Intermittent windshield wipers improved upon standard wipers that have been evolving since the manual wiper designed and patented by Mary Anderson in 1903. As history tells it, Anderson, on a trip to New York, noted that streetcar drivers had to open their side windows in rainy weather to see out around the front windshield. Vowing to address the problem, her solution was a single wiper blade attached to a lever located conveniently inside the vehicle. The lever could be used to draw the blade across the window to remove rain and snow while remaining inside. By 1916, Anderson’s invention became standard equipment on all American cars.

Today’s windshield wiper systems are virtually trouble-free in most weather. Intermittent windshield wipers were invented by Robert Kearns (10 March 1927 - 9 February 2005), an Indiana man who saw an opportunity to improve on standard wipers. Kearns realized a need for wipers that would work on a delayed switch principle, and designed then patented this invention in 1967. He presented his idea to the three major US auto companies, Ford Motor Company, General Motors and Chrysler, but none took him up on his idea. Beginning in 1969, however, Ford began introducing models with this feature, and the other automobile manufacturers followed.

Kearns sued Ford in 1978 and Chrysler four years later for patent infringement, but justice was a long time coming, with the legal saga lasting nearly two decades. The inventor eventually ended up collecting $10.2 million US Dollars (USD) from Ford, and $18.7 million USD from Chrysler for what the courts termed to be “non-deliberate infringement.”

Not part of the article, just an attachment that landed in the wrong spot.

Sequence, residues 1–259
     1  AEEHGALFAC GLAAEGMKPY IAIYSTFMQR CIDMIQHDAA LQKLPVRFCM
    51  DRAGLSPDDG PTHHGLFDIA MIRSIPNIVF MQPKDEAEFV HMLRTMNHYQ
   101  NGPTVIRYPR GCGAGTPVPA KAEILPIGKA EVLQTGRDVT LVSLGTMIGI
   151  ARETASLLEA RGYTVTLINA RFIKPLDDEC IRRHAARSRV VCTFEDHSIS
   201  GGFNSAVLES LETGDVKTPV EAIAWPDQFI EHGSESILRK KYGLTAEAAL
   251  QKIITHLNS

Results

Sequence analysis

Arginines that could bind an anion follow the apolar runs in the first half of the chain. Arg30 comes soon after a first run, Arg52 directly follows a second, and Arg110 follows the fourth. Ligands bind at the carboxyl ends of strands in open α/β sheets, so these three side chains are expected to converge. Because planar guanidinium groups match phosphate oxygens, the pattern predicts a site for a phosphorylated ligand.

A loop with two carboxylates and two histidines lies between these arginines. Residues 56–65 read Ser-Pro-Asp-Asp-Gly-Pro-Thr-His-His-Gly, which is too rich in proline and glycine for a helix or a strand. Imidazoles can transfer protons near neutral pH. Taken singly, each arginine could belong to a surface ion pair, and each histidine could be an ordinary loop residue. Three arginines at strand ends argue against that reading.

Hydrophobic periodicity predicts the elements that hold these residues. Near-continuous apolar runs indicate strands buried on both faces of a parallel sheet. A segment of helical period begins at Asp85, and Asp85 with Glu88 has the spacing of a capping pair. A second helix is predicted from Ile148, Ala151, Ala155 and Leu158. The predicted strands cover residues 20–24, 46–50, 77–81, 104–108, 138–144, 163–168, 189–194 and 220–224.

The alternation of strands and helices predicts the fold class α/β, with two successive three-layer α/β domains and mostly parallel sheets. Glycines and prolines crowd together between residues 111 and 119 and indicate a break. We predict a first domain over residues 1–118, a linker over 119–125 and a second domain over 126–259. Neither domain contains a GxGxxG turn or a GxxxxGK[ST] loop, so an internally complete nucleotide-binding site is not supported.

WikiMotors is dedicated to providing accurate and trustworthy information. We carefully select reputable sources and employ a rigorous fact-checking process to maintain the highest standards. To learn more about our commitment to accuracy, read our editorial process.
Discussion Comments
By anon928701 — On Jan 29, 2014

Why are they described as "Intermittent" when the wipers operate in timed intervals? Intermittent (Defined): Occurring at irregular intervals; not continuous or steady.

The intervals are regular, continuous and steady. --Eric

By Potterspop — On May 08, 2011

I'm really happy to read that there are adjustable controls available for windshield wipers. This feature would be enough to sell me a car, as I hate that pre-set timer.

It never seems to be just right, and I find myself watching anxiously for it to do something before I am unable to see. It would also stop that horrible noise as the windshield wiper arm drags itself across the nearly dry glass.

By MissMuffet — On May 07, 2011

@Windchime - Some people like to use different types of wipers for different seasons. Maybe this is an answer to your problem? I know that mine didn't work as well in the winter, particularly if there was ice on the car.

I asked the guy at my local auto shop which were the best windshield wiper blades, and followed his advice to buy the all weather type. It costs a bit more but you should avoid the kind of streaking you mentioned when they are on the intermittent setting.

By Windchime — On May 06, 2011

My windshield wiper blades seem to work better in some seasons than others. The other day it drizzled and I put them on the intermittent setting. I ended up with a whole load of blurry mess on the window, which was quite dangerous.

When I put them onto full and used the cleaning liquid it was fine, but I'd like to avoid this problem in the future. Anyone have some tips?

WikiMotors, in your inbox

Our latest articles, guides, and more, delivered daily.

WikiMotors, in your inbox

Our latest articles, guides, and more, delivered daily.